When I watched the new and opulent Devdas (2002) in a London cinema, my instinctive reaction was to compare it with the Dilip Kumar’s original (1955). Despite my greatest admiration for Shah Rukh Khan and Madhuri Dixit, I was disappointed not because they did a bad job but because Dilip Kumar’s handling of the literary character remains matchless for its subtlety and finesse. But that was Dilip Kumar throughout his career. Years later, as a character actor, even in a terrible film such as Kranti (1981), he shone. This was his relationship with the screen and the characters he played with immersion.
For Pakistanis, the connection with Dilip Kumar transcended his stardom. Yousuf Khan was born in Peshawar and never shunned his relationship with the city despite the Partition, the borders and the nationalist mantras. Even as a proud, patriotic Indian he had no qualms in celebrating his heritage, his mother tongue — a unique dialect spoken in Peshawar valley — and, of course, the vision for a peaceful future of the region. In his several pronouncements, he made it obvious why India-Pakistan peace mattered. It is a separate thing that nationalism on both sides of the border have acquired vile, violent trajectories of their own.
Today, it is almost inconceivable that an actor could be honoured by the highest civilian state awards by two hostile nuclear states. It is even more unthinkable that an actor resists the demand by a political outfit, the Shiv Sena, to return the award (Nishan-e-Imtiaz) given by the Pakistan government; and that none other than a BJP Prime minister, Atal Bihari Vajpayee intervenes to settle the matter. Reportedly, Atalji vouched for the actor’s commitment to his country. In 2021, this sounds like a fairy tale, but all of this is recent history.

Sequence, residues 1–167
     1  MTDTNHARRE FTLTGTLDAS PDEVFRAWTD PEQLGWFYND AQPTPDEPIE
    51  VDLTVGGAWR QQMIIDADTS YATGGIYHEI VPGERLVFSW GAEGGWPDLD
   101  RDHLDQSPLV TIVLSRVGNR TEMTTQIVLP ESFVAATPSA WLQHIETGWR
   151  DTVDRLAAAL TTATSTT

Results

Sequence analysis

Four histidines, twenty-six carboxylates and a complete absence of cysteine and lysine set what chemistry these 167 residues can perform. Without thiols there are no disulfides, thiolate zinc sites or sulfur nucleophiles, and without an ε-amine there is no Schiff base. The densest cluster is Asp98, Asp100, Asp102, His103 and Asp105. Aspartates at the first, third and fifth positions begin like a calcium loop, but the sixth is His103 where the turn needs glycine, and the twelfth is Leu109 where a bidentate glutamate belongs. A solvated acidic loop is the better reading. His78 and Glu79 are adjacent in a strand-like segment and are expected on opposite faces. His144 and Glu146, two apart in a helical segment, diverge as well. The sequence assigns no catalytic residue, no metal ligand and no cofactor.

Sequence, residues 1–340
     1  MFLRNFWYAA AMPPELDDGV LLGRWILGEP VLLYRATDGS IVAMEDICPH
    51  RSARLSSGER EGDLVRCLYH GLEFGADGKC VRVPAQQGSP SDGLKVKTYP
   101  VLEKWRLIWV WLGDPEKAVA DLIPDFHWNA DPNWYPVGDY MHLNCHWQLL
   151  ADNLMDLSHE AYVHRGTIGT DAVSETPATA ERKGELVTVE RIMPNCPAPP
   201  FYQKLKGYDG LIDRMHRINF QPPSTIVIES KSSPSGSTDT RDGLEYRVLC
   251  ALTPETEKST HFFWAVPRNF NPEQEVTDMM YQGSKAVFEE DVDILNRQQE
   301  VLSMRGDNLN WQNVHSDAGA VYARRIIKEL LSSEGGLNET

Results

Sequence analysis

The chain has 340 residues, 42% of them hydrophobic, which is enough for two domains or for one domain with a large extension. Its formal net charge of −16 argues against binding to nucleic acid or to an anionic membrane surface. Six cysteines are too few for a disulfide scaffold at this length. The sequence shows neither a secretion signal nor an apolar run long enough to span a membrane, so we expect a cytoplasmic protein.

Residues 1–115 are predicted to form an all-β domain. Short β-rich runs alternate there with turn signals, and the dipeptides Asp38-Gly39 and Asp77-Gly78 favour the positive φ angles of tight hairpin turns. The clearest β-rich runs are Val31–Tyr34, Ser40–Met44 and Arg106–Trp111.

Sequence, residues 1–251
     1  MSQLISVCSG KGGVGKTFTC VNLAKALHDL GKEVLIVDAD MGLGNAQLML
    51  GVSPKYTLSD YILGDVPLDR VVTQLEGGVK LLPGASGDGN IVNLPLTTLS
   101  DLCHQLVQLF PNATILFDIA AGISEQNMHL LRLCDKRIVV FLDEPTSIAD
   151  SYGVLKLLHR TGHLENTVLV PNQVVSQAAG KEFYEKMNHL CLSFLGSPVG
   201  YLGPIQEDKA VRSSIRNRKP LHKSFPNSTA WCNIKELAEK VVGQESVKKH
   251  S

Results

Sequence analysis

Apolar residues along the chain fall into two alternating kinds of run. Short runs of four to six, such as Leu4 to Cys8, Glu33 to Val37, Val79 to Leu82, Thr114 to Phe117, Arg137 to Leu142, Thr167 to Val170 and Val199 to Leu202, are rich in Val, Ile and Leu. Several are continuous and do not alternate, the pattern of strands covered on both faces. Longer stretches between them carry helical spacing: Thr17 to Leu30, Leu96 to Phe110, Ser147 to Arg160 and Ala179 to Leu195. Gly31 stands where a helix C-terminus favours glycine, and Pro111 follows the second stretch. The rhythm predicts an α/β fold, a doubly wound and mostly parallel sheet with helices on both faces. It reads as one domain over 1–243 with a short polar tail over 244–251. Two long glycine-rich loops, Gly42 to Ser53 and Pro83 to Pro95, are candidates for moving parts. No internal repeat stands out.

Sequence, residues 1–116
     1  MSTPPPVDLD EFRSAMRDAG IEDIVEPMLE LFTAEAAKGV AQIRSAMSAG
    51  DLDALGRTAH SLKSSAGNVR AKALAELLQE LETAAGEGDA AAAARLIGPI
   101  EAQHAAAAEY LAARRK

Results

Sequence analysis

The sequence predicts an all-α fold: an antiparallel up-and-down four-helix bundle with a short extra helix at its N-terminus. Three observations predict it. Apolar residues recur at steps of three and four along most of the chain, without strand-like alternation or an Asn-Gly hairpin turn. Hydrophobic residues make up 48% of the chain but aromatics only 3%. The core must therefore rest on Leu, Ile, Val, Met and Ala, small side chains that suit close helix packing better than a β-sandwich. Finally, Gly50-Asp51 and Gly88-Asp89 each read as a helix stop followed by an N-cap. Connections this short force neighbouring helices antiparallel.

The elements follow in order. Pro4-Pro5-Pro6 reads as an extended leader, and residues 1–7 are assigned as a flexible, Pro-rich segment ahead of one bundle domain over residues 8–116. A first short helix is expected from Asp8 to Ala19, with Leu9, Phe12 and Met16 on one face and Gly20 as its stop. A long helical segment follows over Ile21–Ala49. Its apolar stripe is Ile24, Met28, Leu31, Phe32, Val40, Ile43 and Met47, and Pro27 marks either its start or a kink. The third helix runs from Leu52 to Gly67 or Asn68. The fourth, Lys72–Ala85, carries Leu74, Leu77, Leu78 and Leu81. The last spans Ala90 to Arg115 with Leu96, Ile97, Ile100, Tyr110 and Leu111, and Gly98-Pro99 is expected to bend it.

This is why Dilip Kumar was not just an actor, a superstar or an entertainer. He did all of that but ended up representing the strong ethos of the Indian subcontinent. The legacies of the bhakts, Sufis, sadhus and yogis; the openness and the expanse of folklore that survives beyond the screaming TV headlines; the threats and the platitudes expressed by the ruling classes. His popular appeal was such that both states had to honour him. If Jawaharlal Nehru asked him to address Congress Party gatherings, Pakistan’s Nawaz Sharif ensured that he would go to meet him rather than make him come to the PM House.
Dilip Kumar with his fluency in Urdu, Hindi and English, his penchant for poetry and intimacy with the Holy Quran and the Bhagavad Gita was the guardian of a secular vision of the world where art had a primal role and popular culture amplified and played with humanistic values. This sociocultural realm that Dilip Kumar and many others like him sustained, is under attack by the new powerful alignments and fundamental societal transformations in the region. Today, cynics in both India and Pakistan laugh at the idea of a “shared” or “composite” culture as if it were a fictional construct. Sadly, the WhatsApp narratives more often than not peddle hostilities, jingoism and ruptures of the past.
The “end of an era” pronouncement is worryingly ominous. Celebrating Dilip Kumar’s extraordinary career, life and memory is, therefore, even more important in these unsettling times.
First published in the Indian Express
The writer is founding editor of NayaDaur Media. Formerly, he was editor of Daily Times, The Friday Times and a broadcaster at Capital TV and Express News. He is the author of Delhi By Heart, The Fractious Path and Being Pakistani: Society, Culture and the Arts. www.razarumi.com